In December 2013, ESA kicked off the Phase A2 activities which will be followed by the Phase B1 starting in late summer to define the CarbonSat satellite. In parallel Airbus Defence and Space is already preparing the necessary predevelopments for the payload, the so called Green House Gas Imaging Spectrometer (GHGIS).
Under Airbus DS lead, an international team of engineers will move forward consolidating the various components that make up the CarbonSat satellite. CarbonSat will measure the global concentration and distribution of the two most important greenhouse gases – carbon dioxide (CO2) and methane (CH4) – with unprecedented accuracy, providing climate scientists with essential data for climate analysis and for refining climate simulation computer models.
Carbon dioxide and methane are the two main greenhouse gases causing global climate change. Comprehensive knowledge of the sources and global distribution of these gases is a pre-requisite for predicting the Earth’s climate.
CarbonSat will provide measurement data with a spatial resolution better than 2 x 3 km². For the first time, this should enable scientists to quantify localised sources of CO2 such as coal-fired power plants and emissions from cities as well as geological sources such as volcanoes. The mission will have the capability to achieve similar results for methane by quantifying emissions from sources such as landfill sites and large oil processing complexes, as well as supplying data on the little-researched issue of methane emissions from the world’s oceans.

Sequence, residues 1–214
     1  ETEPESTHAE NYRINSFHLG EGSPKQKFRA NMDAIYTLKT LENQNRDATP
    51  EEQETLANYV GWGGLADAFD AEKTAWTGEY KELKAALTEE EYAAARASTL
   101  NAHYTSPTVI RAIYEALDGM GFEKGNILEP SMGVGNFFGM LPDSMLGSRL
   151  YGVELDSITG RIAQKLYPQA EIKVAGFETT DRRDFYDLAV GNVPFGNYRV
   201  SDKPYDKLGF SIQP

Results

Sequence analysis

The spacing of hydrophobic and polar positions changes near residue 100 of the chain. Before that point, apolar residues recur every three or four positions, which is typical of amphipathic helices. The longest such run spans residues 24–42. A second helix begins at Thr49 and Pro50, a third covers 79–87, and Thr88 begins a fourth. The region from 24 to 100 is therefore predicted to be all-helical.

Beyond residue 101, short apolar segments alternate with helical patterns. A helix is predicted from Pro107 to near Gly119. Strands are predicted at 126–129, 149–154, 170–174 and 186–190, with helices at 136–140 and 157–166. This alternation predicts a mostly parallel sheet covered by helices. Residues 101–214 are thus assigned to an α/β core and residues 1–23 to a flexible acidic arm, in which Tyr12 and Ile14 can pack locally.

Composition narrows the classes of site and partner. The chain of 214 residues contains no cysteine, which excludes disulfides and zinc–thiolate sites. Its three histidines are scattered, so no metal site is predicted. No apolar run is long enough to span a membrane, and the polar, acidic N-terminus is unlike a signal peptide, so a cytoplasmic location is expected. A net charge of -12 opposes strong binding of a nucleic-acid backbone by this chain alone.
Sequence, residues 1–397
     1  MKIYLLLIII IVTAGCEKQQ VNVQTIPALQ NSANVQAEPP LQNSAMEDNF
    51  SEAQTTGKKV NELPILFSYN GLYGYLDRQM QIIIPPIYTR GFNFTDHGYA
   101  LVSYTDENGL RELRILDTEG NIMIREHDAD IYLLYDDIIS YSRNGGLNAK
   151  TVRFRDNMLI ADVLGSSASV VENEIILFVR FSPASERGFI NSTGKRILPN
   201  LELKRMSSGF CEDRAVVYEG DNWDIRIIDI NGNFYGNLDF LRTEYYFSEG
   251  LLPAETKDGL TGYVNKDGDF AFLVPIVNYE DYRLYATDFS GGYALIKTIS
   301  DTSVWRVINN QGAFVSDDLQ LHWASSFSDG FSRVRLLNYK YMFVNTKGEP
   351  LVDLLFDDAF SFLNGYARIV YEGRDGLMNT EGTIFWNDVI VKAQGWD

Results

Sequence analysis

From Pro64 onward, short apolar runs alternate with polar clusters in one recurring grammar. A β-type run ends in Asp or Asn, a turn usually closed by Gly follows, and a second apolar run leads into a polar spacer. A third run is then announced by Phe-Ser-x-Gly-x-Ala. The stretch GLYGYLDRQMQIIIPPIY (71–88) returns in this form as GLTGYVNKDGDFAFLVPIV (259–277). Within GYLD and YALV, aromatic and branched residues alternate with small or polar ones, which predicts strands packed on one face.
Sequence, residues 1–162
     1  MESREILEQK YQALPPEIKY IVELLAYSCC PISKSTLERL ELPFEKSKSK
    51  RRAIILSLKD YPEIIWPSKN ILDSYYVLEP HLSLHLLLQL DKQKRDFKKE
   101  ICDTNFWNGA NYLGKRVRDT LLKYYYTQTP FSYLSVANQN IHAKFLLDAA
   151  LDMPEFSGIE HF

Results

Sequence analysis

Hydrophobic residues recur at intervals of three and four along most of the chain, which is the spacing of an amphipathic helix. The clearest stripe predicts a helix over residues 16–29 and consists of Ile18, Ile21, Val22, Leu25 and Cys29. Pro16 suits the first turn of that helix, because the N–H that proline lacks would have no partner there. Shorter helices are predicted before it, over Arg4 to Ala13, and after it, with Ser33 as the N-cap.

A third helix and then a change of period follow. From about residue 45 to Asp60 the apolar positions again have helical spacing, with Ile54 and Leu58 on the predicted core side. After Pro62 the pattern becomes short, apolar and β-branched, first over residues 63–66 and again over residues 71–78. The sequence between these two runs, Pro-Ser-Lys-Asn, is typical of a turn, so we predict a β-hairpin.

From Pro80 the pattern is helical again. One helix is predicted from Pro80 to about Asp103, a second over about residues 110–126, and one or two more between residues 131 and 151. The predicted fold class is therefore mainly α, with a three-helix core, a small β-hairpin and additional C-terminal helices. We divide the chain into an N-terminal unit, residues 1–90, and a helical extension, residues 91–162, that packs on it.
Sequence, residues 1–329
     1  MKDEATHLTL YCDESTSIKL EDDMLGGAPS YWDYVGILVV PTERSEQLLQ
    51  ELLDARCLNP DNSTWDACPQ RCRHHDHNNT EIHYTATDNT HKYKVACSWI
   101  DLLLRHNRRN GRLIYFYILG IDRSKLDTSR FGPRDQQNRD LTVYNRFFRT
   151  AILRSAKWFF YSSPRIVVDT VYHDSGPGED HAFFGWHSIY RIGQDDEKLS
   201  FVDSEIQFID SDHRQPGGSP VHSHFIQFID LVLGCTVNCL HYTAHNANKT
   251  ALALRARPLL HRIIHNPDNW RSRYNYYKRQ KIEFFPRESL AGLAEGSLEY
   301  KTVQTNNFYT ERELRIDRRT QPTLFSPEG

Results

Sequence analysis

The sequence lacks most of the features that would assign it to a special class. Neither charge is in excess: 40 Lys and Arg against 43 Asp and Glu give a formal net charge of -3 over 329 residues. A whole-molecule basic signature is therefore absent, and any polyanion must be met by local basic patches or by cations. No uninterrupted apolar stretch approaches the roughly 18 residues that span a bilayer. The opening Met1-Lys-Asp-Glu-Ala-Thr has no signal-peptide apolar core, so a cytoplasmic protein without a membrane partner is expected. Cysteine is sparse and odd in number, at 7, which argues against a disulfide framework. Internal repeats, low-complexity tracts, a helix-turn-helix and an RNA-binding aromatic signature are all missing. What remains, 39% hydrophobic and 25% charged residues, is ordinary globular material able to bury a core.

CarbonSat will provide the first exhaustive surveys of small-scale sources of emissions around the globe, thereby making a significant contribution towards our ability to distinguish between natural emissions and those arising from human activity. The CarbonSat climate satellite will therefore also have an important role to play in the context of the international climate deals signed in Kyoto and Copenhagen.
CarbonSat is vying to be the eighth Earth Explorer mission of ESA’s Earth observation programme. It is designed to continue the process of tracking greenhouse gases from space initiated by the Envisat satellite´s Sciamachy spectrometer developed by Astrium.
As a leading satellite system specialist, Airbus DS has extensive expertise and operational mission experience in the field of environmental and climate satellites. Airbus DS was the prime contractor for Europe’s largest environmental satellite, Envisat, which celebrated its 10th anniversary on 1 March this year. In addition, Airbus DS is also the prime contractor for four of the six ESA Earth Explorer missions – Cryosat-2, Swarm, Aeolus and EarthCARE – as well as playing a major role in the other two missions, GOCE and SMOS.
Airbus DS is also studying the MicroCarb mission for CNES, French space agency, with the aim to assess CO2 fluxes between carbon sources and sinks and improve our knowledge of carbon sinks. Also Airbus DS is in the leading role for the development of the Franco-German Mission devoted to the measurement of Methan with a LIDAR instrument.
Started in year 2010, ‘Climate Himalaya’ initiative has been working on Mountains and Climate linked issues in the Himalayan region of South Asia. In the last five years this knowledge sharing portal has become one of the important references for the governments, research institutions, civil society groups and international agencies, those have work and interest in the Himalayas. The Climate Himalaya team innovates on knowledge sharing, capacity building and climatic adaptation aspects in its focus countries like Bhutan, India, Nepal and Pakistan. Climate Himalaya’s thematic areas of work are mountain ecosystem, water, forest and livelihood. Read>>